“North by Northwest” Revisited

North by Northwest was one of Hitchcock’s best (which I used to teach in grade 10 English); it had that much in it and was that entertaining then, as it still is now. In 1963, a similar serio-comic thriller-romance came along in its wake and was another winner with audiences of the time looking for similar fare. The Prize is about an American Nobel Prize winner for literature (Paul Newman) in Stockholm for the awards who uncovers a Soviet plot to kidnap and substitute a nefarious look-a-like and smuggle the real doctor back to Russia for their own ends. (Edward G. Robinson plays both doctor roles and manages to convincingly portray distinct character differences.)

The Prize has all the ingredients that made its predecessor a hit including: non-stop funny one-liners, duplicitous characters, kidnapping, evil plotting, romance, and suspenseful action scenes. The screenplay was also written by Ernest Lehman with its prerequisite of one-liners, sexy women. and caddish male chauvinsists. (MeTooers will not get too far with Newman’s drunken epigrams, puns, and propositions, but this kind of cheeky humor was quite acceptable back in 1963. In any case, he also has a moral comeuppance and character revision by the finale, which was also typical back then in Hollywood films.)

The music by Jerry Goldsmith is of a similar wide-ranging type to that done by Bernard Herrmann in Hitchcock’s film. It often, effectively, influences how the audience responds to scenes and characters. The movie was also filmed on location and I can only recall maybe two phony backdrops added for ‘coverage’ by the director. You get to see the auditorium where the awards are given and the hotel in which the winners stay along with typical press conferences. Mark Robson’s direction is relatively flawless, no doubt because of the comparisons that would have inevitably been made back then to North by Northwest.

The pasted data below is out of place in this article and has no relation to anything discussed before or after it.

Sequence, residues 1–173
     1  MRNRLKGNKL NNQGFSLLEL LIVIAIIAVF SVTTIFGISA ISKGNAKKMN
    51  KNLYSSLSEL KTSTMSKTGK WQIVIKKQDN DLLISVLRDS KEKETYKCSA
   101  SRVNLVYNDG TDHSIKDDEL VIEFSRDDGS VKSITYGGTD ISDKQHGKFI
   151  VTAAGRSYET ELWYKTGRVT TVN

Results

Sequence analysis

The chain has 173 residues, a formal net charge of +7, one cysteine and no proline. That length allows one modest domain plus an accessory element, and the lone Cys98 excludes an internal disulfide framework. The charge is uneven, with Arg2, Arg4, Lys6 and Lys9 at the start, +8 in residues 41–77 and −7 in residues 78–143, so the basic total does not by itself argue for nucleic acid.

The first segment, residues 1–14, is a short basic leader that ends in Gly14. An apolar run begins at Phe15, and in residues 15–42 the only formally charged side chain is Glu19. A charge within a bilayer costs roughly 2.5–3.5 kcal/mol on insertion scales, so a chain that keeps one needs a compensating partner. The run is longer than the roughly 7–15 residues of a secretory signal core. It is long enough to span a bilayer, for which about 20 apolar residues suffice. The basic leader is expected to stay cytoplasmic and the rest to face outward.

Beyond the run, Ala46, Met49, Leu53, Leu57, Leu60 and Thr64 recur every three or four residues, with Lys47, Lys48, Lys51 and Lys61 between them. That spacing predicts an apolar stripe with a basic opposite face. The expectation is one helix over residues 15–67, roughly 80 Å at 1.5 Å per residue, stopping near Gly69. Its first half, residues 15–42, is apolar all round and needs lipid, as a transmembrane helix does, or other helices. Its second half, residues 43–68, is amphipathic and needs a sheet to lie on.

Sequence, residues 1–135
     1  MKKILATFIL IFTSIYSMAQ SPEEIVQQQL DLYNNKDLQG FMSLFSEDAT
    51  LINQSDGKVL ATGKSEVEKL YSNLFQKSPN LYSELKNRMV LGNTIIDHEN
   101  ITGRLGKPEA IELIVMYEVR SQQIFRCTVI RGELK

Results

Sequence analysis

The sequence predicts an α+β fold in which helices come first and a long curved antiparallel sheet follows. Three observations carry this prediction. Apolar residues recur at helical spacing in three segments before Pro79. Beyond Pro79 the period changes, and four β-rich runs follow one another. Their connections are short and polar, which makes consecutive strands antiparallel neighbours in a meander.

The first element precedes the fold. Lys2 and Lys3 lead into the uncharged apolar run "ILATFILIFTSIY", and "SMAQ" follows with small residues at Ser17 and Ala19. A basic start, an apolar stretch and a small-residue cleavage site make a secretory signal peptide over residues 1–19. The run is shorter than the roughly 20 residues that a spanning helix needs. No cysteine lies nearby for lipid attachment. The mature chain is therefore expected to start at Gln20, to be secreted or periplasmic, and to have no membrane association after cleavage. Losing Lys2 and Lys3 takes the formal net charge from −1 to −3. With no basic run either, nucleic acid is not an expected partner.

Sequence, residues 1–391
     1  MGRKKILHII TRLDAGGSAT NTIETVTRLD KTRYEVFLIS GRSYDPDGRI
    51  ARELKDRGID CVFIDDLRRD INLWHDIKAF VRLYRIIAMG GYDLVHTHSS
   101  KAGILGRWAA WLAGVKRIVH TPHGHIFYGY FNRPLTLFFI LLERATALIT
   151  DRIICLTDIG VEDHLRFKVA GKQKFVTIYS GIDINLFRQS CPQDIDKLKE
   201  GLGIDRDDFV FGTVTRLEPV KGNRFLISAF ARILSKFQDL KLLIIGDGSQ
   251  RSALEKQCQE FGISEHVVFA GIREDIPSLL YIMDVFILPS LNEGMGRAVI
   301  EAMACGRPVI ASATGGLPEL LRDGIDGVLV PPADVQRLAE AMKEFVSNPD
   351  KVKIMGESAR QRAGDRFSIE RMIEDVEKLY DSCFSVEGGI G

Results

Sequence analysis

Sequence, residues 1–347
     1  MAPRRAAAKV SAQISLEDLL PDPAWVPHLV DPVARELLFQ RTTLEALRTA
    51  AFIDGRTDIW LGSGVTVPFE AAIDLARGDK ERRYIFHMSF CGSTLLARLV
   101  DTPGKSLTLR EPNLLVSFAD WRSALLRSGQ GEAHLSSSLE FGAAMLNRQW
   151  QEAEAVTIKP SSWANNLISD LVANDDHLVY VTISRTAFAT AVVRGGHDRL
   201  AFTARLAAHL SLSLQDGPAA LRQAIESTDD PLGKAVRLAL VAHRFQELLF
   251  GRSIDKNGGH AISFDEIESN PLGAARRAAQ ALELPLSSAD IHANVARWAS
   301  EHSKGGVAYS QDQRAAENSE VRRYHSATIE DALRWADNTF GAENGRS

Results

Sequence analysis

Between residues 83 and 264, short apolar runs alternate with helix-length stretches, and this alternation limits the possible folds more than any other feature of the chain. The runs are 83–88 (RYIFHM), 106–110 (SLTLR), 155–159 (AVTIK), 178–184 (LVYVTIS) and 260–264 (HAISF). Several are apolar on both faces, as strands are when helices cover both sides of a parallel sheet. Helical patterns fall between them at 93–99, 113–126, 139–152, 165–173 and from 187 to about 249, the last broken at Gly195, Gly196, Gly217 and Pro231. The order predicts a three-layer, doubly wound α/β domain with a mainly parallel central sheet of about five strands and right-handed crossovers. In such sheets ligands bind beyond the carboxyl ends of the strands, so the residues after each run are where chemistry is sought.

He always manages to make each scene entertaining and gets good performances from Newman, Elke Sommer (the writer’s sexy hostess), Diane Baker (another more shady temptress), Micheline Presle (as an unexpected older woman who wants to use the writer to evoke jealousy in her wandering husband), and Kevin McCarthy (another ‘ugly American’). Everyone is well-cast. But it is Edward G. Robinson who creates the most interest in his two roles every second he is on screen. Hard to believe he was still very active and good in films some 40+ years after his Hollywoods start playing gangsters.

This movie is delightfully entertaining despite its throwback elements and morality. It is suspenseful, intriguing, and very funny in places. On its own terms, The Prize is still a big winner for mainstream entertainment. No, they don’t make ’em like they used to, sad to say.

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